Czech Republic government officials maintain the country’s advanced industrial capability is the reason why so many suppliers are locating to its region in Central Europe.

The country, along with its Visegrad Four neighbours of Slovakia, Hungary and Poland, flanked also by Serbia and Slovenia, has emerged as something of a magnet for component manufacturers keen to take advantage of competitive labour costs and a skilled workforce.

But Czech government bodies are keen to emphasise it is not just wage levels which have attracted so many suppliers – such as Yanfeng Automotive Interiors (YFAI) which last week (8 June) opened a new production plant in Planá nad Lužnicí  – but the industrialised base of its manufacturing.

“We are the most industrial economy in the European Union (EU) – it is not a claim it is a figure,” Czech Invest CEO, Charles Kucera, told just-auto on the sidelines of YFAI’s inauguration of its new plant, which was also attended by Chinese Ambassador to Prague, MA Keqing.

“It is because we are more homogeneous than other countries; [for example] Slovakia has one part industrial, one part not, Southern Poland is more industrial and the Northern part not, the same with Hungary. We are comparable with Bavaria. We are technicians and have been for generations.

“Is it sustainable? I would say yes because investments are tying into innovation and more added value production. It is because the investors have good experience of high-tech manufacturing and putting innovation into production.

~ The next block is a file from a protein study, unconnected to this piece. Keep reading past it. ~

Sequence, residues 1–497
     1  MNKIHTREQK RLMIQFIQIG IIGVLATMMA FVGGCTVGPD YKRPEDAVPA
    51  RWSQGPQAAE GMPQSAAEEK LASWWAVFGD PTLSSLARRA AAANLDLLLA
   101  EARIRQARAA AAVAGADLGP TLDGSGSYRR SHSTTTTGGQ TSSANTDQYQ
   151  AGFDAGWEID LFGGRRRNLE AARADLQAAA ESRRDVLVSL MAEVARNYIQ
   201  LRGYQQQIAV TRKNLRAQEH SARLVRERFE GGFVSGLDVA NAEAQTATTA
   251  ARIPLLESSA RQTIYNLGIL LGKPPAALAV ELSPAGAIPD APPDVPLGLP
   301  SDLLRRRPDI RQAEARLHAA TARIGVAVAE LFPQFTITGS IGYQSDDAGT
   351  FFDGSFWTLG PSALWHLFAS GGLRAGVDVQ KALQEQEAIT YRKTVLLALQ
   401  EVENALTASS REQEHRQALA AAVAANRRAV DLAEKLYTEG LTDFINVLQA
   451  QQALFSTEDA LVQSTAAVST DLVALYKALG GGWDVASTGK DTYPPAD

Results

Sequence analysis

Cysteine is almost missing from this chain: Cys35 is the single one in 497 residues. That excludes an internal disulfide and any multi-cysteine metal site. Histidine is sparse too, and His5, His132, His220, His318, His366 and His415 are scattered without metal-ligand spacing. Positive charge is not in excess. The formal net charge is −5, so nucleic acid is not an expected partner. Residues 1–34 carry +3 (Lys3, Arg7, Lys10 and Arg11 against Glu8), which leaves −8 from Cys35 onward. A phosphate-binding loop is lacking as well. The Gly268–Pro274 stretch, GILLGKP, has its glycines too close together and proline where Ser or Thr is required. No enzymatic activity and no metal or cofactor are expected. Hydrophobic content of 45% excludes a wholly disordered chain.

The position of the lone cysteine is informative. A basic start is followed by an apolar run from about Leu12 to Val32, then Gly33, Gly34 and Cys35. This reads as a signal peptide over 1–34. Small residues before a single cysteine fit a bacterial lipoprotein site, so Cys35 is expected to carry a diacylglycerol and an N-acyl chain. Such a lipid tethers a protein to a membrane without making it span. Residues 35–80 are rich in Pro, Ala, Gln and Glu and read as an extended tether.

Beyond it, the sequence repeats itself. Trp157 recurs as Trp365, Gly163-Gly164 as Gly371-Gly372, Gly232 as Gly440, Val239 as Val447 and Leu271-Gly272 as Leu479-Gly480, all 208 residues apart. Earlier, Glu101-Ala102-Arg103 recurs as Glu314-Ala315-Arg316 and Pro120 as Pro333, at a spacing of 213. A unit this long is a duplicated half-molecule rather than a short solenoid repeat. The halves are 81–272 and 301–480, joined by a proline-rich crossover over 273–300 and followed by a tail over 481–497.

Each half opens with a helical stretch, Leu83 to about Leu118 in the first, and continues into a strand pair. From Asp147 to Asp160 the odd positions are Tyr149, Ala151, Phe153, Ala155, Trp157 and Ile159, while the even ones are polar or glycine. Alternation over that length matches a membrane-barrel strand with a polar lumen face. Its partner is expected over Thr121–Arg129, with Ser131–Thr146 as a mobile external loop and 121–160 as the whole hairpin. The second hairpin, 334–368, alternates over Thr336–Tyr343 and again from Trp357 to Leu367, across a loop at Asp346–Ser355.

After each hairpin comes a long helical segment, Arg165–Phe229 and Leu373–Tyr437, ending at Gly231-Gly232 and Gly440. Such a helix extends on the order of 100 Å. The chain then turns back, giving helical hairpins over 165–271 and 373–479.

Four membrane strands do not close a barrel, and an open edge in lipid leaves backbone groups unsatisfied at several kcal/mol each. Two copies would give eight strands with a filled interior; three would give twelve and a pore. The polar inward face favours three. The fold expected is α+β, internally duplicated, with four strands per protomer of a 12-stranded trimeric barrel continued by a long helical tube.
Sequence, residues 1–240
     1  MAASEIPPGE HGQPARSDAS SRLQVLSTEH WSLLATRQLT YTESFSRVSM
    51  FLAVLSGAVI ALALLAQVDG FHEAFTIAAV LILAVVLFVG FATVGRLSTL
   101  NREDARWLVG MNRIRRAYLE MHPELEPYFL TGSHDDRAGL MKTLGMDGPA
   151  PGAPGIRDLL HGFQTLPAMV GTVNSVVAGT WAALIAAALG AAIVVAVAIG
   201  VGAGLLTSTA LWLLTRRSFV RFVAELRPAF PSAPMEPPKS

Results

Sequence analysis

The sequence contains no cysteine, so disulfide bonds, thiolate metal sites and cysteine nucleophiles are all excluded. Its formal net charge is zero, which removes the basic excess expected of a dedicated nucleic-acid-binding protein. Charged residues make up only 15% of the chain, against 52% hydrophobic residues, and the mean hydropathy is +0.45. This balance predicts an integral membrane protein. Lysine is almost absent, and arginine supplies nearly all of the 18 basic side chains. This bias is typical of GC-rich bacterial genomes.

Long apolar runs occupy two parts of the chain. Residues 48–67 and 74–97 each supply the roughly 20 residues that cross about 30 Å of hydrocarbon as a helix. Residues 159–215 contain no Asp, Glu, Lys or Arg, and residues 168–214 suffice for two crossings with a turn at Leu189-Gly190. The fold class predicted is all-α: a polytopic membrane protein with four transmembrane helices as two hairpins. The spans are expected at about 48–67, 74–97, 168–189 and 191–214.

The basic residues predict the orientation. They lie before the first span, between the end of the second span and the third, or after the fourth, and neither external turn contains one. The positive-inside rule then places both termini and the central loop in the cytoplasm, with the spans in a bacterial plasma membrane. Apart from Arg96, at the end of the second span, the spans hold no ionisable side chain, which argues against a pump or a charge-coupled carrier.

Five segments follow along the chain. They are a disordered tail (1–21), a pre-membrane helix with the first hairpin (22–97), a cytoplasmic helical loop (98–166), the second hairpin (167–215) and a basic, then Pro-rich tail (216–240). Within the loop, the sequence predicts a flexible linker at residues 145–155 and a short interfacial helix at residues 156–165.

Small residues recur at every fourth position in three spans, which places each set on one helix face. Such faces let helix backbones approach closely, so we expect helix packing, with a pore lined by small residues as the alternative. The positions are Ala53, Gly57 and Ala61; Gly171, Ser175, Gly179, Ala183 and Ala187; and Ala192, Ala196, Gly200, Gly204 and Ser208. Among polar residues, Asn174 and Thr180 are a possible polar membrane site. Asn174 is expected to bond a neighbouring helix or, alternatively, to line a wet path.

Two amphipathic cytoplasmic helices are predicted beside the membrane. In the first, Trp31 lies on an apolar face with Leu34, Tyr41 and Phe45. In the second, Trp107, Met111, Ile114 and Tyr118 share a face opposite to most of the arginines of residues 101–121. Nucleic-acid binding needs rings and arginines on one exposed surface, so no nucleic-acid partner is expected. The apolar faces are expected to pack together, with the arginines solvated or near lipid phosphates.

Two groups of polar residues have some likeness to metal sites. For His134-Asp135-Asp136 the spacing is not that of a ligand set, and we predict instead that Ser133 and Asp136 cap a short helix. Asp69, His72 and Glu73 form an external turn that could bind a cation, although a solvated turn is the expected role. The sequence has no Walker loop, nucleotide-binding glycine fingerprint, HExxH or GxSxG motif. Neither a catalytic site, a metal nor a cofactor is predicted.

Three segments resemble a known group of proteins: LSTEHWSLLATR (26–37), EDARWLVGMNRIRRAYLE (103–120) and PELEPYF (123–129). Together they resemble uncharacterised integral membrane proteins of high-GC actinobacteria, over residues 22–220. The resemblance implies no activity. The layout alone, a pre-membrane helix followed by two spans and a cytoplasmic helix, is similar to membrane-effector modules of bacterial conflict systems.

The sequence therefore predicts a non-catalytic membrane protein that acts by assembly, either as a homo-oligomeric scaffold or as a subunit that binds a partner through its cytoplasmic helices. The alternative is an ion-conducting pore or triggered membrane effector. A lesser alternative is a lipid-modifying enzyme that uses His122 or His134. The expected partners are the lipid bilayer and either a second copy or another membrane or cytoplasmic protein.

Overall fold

“Right now we are having new types of engineers. Out of [the] global top 100 key [automotive] suppliers, I think it is 56%-58% of them are in the Czech Republic. We are also very active for Asian investment because we are somewhere between East and West and have always been.”

The Czech Invest chief conceded however, the cost of living for employees was lower than for other Western countries, but also pointed to the widespread geographical location of suppliers in the country, not only in major cities such as Prague, Brno and Ostrava, but elsewhere.

Kucera cited the experience of South Korean investors being attracted to the Czech Republic to areas around the Eastern city of Ostrava for example, where he insisted high standards of living were proving a boon.

“If they [suppliers] go to the US to a city which is eight times larger than Ostrava, they don’t have the quality of life they have here,” said Kucera. “[Also] Wages, compared to other cities in the Czech Republic, are a little bit lower.

Yanfeng VP & general manager, Jochen Heier confirmed to just-auto at the Planá nad Lužnicí factory the supplier had received EUR7.2m (US$8.1m) in incentives for its Czech plant, which it plans to use to implement Industry 4.0 techniques among other schemes, but Kucera maintains it is not simply hard cash that counts.

“Definitely that [incentives] will continue, but they don’t just look at the money,” added the Czech Invest chief. “Poland, Slovakia, Hungary can give more money [but] 15%-20% of the companies are here not because of incentives, they are not even asking for incentives.

“A lot of companies in automotive which don’t own factories, don’t own machinery, [so] they are leasing. They are not entitled to have incentives, so companies are coming here because of the environment and because they are able to attract people here.”

The importance of the event and the status of Yanfeng was underscored by the presence in Planá nad Lužnicí of Chinese Ambassador, Keqing, who noted relations between the two countries were now on a more even keel following what appear to have been earlier tensions.

“In three years we have restarted our relations with the Czech Republic because before this period there were difficult times,” Keqing told just-auto on the sidelines of the Planá nad Lužnicí factory opening. “For both sides it was high time for us to increase our cooperation especially in trade and economics – this is an urgency.